If you live in Lake County, you've probably seen deer, fox, coyotes and other wildlife in close proximity to your home. Due to the loss of habitat by development, some wildlife can be seen within residential communities.
People can coexist with wildlife peacefully. The Lake County Health Department/Community Health Center recommends the following ways for residents to avoid problems with coyotes, foxes as well as other wildlife:
• Do not encourage wildlife to come in or near your home by feeding them.
• Keep pet food and water dishes inside to avoid problems with
raccoons, skunks, opossums, foxes and coyotes.
• To minimize conflicts between wildlife and household pets, make sure to turn on
outside lights, make noise and observe the area for any sign of wildlife before letting your pets outdoors.
• Supervise pets and children when outdoors and keep dogs leashed when not in a
fenced yard. Allow small dogs outside only under strict supervision.
• Keep cats indoors.
• Don't allow spilled birdseed to accumulate outside of bird feeders.
• If possible, do not keep garbage cans outside. Or, use sturdy cans and keep the
lids securely fastened.
• If you are walking your dog on a leash and are approached by a coyote, you
should restrain your dog, and scare away the coyote by yelling and waving your arms over your head.
One of the activities that can cause problems with wildlife is feeding them. Feeding wild animals teaches them that if they risk coming close to people and houses, they will be rewarded. This can lead to aggressive behavior once their natural fear of people is lost and makes them more likely to be a nuisance - potentially putting both people and the animals at risk. Also, the foods given to wildlife are often unhealthy for the animals (e.g., white bread). Never feed wildlife, even the ducks and geese in the park. In addition, small mammals such as rodents are attracted to food like birdseed and pet food and predators such as fox and coyotes are then attracted to the rodents.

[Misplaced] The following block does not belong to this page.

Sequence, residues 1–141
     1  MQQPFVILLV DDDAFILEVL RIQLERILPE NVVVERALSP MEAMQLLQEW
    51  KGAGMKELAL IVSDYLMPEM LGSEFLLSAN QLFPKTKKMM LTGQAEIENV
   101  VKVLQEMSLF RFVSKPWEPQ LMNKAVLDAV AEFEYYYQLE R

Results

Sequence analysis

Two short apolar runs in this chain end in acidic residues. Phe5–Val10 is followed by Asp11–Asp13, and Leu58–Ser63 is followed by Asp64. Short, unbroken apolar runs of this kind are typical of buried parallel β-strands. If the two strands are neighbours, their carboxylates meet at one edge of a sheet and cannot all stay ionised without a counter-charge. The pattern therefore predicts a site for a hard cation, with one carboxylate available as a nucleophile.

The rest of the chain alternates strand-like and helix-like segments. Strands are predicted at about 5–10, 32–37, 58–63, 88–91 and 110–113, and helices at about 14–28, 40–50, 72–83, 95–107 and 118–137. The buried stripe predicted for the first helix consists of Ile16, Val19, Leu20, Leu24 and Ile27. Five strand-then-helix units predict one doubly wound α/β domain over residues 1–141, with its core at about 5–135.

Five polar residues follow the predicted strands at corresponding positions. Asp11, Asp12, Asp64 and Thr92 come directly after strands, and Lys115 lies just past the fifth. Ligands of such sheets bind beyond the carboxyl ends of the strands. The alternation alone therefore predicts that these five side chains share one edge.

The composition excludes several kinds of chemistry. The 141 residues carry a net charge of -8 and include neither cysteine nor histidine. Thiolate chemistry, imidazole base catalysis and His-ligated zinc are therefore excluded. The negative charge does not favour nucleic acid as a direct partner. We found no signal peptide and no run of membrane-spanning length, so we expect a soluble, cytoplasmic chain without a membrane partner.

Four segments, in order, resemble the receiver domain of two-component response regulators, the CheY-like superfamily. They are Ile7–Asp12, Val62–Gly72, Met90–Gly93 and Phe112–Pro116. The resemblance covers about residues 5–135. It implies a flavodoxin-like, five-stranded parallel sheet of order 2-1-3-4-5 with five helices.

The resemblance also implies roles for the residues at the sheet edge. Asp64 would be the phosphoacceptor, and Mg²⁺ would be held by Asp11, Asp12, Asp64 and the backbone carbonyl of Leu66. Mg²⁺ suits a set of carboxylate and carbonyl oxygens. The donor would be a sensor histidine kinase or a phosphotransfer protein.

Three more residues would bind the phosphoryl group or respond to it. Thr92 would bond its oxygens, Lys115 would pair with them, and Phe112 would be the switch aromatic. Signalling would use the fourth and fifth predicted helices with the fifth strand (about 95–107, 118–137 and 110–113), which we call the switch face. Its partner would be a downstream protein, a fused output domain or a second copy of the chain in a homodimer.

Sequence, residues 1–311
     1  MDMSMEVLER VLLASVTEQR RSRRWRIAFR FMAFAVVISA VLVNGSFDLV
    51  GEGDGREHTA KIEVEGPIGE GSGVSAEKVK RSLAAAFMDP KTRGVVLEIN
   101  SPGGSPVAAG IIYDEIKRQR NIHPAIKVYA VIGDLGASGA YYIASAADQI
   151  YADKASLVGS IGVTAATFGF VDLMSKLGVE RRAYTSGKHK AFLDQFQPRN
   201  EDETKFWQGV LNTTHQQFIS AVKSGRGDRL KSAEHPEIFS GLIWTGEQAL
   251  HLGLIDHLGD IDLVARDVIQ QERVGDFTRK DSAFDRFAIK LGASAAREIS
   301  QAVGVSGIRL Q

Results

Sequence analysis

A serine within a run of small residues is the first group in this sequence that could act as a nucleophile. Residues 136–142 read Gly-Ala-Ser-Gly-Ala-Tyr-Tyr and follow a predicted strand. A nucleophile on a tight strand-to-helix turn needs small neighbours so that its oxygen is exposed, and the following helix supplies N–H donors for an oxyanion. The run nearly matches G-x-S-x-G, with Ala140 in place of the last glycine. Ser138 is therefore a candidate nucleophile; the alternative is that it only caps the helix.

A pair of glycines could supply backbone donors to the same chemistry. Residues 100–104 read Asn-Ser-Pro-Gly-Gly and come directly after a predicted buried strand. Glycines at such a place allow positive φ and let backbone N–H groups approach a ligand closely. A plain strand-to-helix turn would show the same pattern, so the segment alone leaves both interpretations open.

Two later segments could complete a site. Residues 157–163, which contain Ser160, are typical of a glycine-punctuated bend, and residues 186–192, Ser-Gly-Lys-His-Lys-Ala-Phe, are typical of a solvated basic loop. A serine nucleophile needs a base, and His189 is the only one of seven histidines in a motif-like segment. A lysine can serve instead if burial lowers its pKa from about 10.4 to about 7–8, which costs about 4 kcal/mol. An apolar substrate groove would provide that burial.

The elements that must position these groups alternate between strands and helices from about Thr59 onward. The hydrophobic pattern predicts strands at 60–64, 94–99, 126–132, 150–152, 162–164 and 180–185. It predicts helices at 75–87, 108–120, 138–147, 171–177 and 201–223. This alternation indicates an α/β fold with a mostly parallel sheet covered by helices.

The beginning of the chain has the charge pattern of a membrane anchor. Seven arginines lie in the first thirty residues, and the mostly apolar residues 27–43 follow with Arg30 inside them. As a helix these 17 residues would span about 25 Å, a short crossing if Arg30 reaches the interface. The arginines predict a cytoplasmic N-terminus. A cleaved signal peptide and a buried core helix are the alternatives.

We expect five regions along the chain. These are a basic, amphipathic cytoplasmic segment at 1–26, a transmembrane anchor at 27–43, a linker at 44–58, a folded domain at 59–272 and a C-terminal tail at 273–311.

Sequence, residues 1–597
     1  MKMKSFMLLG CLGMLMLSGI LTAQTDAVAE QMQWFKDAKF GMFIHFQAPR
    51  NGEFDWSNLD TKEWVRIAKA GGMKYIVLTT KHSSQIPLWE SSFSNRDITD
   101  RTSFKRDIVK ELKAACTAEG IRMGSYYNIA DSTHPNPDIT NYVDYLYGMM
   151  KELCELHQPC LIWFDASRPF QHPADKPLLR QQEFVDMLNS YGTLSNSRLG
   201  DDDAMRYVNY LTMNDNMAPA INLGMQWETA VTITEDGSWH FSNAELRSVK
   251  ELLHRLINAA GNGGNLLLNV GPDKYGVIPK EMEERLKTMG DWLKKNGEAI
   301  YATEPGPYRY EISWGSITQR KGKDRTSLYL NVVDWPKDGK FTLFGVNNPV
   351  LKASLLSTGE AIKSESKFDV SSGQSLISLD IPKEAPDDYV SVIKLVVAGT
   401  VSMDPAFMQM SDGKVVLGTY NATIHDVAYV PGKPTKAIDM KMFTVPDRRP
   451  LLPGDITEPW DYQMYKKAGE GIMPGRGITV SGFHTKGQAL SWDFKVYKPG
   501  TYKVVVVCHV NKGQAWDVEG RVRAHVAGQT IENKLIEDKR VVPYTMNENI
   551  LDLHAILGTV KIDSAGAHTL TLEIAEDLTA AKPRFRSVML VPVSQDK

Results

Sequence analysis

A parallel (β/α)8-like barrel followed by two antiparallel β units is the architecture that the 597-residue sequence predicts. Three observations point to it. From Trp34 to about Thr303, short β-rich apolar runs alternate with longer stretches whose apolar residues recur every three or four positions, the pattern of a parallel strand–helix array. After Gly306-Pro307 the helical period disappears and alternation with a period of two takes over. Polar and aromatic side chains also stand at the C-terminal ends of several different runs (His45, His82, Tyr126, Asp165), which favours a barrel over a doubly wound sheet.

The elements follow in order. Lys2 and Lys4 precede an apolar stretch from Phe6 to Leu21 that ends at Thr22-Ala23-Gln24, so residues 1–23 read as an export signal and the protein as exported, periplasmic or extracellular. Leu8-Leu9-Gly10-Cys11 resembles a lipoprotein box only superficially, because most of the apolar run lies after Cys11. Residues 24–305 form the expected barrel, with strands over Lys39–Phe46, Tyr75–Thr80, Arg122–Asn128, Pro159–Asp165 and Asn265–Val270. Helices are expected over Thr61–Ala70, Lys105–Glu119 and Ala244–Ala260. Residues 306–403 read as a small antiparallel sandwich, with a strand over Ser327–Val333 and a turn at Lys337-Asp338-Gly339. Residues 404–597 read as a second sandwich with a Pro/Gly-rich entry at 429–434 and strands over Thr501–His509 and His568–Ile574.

Coyotes are the largest wild predator in the Chicago region and serve a vital role in the balance of our local ecosystems. They help maintain the populations of many small mammals including mice and rabbits. They also feed on deer fawns and Canada goose eggs. Coyotes shy away from humans, however, they have been known to infrequently
prey upon cats. Coyotes see dogs in their territory as a potential threat. If you walk your dog in an open space area, it is particularly important to keep your dog on a short leash. Do not let your dog approach a coyote, and keep in mind that a coyote approaching you or observing you is not typically a sign of aggression. Often the coyote is just curious. Simply shouting and waving your arms will scare it off and will reinforce its natural fear of people.
Often times people do not know who to call when there is an encounter with a coyote. For a list of agencies to call, visit: http://health.lakecountyil.gov/Population/Documents/coyoteswhotocallandwhen.pdf.
If wildlife gets inside your home, do not try to remove it. If the animal is in a room, animal wardens with the Health Department's Animal Care and Control program are available to assist residents in unincorporated Lake County or in municipalities that are specifically working with this program. Residents with nuisance wildlife nesting in a wall, attic or crawlspace, should contact a nuisance animal removal company that can not only help repair damage done by the wildlife, but also prevent it from happening again (such as installing chimney caps).
For additional information, contact Animal Care and Control at: (847) 949-9925.
This article filed under
- Buffalo Grove
- Diamond Lake
- Fox Lake
- Gages Lake
- Grandwood Park
- Green Oaks
- Lake Bluff
- Lake Forest
- Lake Villa
- Lake Zurich
- Old Mill Creek
- Round Lake
- Round Lake Beach
- Round Lake Heights
- Round Lake Park
- Third Lake
- Tower Lakes
- Vernon Hills
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